One of the most famous rally cars of all time is the Ford Escort Mk2. Rear-wheel-drive, lightweight and fun as hell to drive, the Escort Mk2 is one of the favorites among historic rally enthusiasts.
While the most well-known one in the US would be Seamus Burke’s V6 build, purists might enjoy the Mk2 of John Hill more.
Hill and his Escort hail from Seattle WA, but can be found at many rallies across the US. We most recently caught up with him after the Ojibwe Forests Rally, where he pulled off a very respectable third place Open 2WD finish in the muddy event.
Despite this, Hill didn’t care much about the finish, but simply loved the experience.
“I’ve been racing for about five to six years now, and I’m here to have a good time,” he explained, “that’s the extent of it!
“I don’t need any accolades, I just want to have a good time sliding a car in the woods.”
Enjoying the ride, Hill said that rather than targeting victory, he simply aims to finish and enjoy every last bit of road the rally has to offer.
And despite multiple class podiums in his career, his choice of classic, mostly period-correct cars has been difficult at times.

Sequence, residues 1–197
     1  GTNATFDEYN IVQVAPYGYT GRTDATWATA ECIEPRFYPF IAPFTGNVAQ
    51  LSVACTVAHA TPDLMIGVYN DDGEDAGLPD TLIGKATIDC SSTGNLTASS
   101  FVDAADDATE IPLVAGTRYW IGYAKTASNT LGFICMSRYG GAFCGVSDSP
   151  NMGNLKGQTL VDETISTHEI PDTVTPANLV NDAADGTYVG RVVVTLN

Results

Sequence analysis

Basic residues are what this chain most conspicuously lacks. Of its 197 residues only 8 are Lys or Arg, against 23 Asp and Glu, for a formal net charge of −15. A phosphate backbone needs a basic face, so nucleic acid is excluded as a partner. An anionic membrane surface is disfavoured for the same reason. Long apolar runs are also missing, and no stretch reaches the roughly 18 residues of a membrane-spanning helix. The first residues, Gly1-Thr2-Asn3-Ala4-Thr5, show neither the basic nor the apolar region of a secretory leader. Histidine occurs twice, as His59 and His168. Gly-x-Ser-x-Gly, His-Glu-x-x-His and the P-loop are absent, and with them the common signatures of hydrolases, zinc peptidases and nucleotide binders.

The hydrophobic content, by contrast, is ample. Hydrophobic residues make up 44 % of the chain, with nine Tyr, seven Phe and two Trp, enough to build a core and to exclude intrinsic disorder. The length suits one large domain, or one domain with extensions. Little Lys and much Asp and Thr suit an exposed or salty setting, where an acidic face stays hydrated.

“It’s hard to finish with this old car,” he joked.
“[This Escort has] a BDG engine so it’s an historic spec engine. We’ve modernized the gearbox and suspension a little bit more, but it’s still basically a 40 year old car with some modern bits on it.”
The historic parts are often difficult to source, and can be finicky after a long and hard life. Rallying at 40 years old can’t be easy on any vehicle.
This wasn’t the case at Ojibwe though, as Hill’s Escort performed beautifully.
The buckets of rain may have tripped up many of the two-wheel-drive competitors, but Hill still managed to have a great time.
“It’s a good time! Some of the stages were a bit too slippy for me, but other times it was really fun.
“Some of those crests are pretty spectacular, there’s some pretty good crests for jumps!”
In motorsport it can be easy to get caught up in the drama, the competition, the points, and everything else, so it’s good to know that there’s still people out there with a child-like passion for simply sliding a car in the woods.
“Start rallying, get a car, give it a go,” Hill offered up as advice.
We’re not about to disagree.